‘Congress has been ceding far too much power to the executive branch for decades…’
(Dan E. Way, Liberty Headlines) Utah’s Republican Sens. Mitt Romney and Mike Lee are stirring up a separation-of-powers battle with President Donald Trump over border wall funding.
Romney, who refused to endorse or vote for Trump in 2016 and said he might not again in 2020, and Lee, who introduced the Article One Act to curb presidential powers to issue emergency declarations under the National Emergencies Act, are distraught that $54 million appropriated for military construction projects will be shifted to build part of the border wall.
Trump declared an emergency at the border under powers delegated to him by Congress after lawmakers refused to budget his signature border wall project.
Lee and Romney were among a dozen Republican defectors who voted with Democrats to block Trump’s emergency declaration, triggering the president’s first veto.
The Supreme Court ruled in July that Trump could use $2.5 billion in military funding for wall construction.
Republicans and Democrats in the House and Senate have objected to Trump’s emergency declaration, saying Congress is constitutionally vested with the power of the purse.
The Article One Act would automatically end all future emergency declarations after 30 days unless Congress votes to extend the emergency, Lee and Romney said in a joint statement.
“Congress has been ceding far too much power to the executive branch for decades and it is far past time for Congress to restore the proper balance of power between the three branches,” Lee said.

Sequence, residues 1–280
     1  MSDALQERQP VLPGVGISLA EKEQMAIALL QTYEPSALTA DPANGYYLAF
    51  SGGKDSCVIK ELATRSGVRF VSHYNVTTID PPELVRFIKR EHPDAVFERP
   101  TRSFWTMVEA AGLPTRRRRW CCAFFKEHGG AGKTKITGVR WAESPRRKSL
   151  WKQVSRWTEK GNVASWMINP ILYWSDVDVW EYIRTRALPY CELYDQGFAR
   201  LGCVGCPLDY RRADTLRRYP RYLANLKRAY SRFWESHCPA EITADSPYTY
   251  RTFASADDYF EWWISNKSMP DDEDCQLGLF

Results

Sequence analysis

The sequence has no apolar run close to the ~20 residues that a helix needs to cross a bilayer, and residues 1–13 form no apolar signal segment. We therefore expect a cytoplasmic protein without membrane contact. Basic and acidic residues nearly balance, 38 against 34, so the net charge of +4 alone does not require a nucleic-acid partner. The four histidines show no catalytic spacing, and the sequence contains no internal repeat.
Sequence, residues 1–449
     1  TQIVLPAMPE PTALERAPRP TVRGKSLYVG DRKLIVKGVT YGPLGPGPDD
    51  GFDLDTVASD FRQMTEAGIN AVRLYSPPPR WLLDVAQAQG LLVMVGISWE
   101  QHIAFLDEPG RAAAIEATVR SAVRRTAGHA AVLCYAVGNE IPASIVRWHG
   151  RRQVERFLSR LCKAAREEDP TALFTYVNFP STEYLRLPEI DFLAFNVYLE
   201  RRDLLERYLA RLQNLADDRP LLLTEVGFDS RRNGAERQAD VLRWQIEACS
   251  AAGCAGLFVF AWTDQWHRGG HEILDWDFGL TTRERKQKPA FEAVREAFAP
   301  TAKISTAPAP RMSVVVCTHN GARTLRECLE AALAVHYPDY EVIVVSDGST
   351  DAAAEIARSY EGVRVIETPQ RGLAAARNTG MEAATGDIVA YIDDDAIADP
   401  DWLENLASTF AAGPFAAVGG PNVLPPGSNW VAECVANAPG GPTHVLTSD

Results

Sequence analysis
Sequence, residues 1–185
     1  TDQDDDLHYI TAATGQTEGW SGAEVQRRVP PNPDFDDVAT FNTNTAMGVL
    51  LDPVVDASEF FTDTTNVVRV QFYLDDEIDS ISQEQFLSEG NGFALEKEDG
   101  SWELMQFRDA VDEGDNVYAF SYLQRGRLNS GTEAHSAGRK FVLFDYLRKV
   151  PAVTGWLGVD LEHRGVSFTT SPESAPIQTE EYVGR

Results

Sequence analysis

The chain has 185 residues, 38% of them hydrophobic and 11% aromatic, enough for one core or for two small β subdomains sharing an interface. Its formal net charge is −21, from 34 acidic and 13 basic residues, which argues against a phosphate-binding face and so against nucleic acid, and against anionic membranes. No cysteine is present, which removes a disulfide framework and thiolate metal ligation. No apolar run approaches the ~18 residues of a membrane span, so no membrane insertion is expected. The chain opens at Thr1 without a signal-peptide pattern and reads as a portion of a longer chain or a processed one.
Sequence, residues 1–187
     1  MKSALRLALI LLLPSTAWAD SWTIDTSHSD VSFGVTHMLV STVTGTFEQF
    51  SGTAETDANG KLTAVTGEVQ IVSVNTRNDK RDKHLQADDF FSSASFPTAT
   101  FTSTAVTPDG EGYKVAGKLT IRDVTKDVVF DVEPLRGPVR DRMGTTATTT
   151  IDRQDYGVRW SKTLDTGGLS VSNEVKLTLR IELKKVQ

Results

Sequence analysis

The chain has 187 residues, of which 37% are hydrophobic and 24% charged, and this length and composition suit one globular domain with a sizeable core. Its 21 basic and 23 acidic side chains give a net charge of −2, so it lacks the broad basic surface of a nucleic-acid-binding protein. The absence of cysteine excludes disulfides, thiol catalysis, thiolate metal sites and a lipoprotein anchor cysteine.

Romney said Trump should seek congressional authorization for border wall funding, and diverting funds already appropriated undermined military readiness. Trump plans to redirect $26 million originally intended for Hill Air Force Base Composite Aircraft Antenna Calibration Facility, and $28 million for the Utah Test and Training Range Consolidated Mission Control Center.
Rep. Mac Thornberry, R-Texas, the ranking member of the House Armed Services Committee, supported Trump.
“We continue to face a very real crisis at the southern border. I regret that the President has been forced to divert funding for our troops to address the crisis” because of congressional gridlock, Thornberry said in a statement.
The troops will pay for Washington’s political discord if Congress doesn’t restore the funding, he said.
U.S. Sen. Kevin Cramer, R-N.D., a member of the Senate Armed Services Committee, blamed Democrats’ refusal to fund immigration law enforcement. He said he will work to restore the military funding in future budgets, and to get money for the wall.
And Republican members of Congress from Oklahoma issued a joint release stating that a small arms range planned for the state, whose funding would be redirected to the border, was worth the temporary sacrifice.
“Oklahoma’s military installations are strong and the project that would be impacted by the completion of the border wall will not hinder the capabilities at our Oklahoma military bases,” said Sen. James Lankford.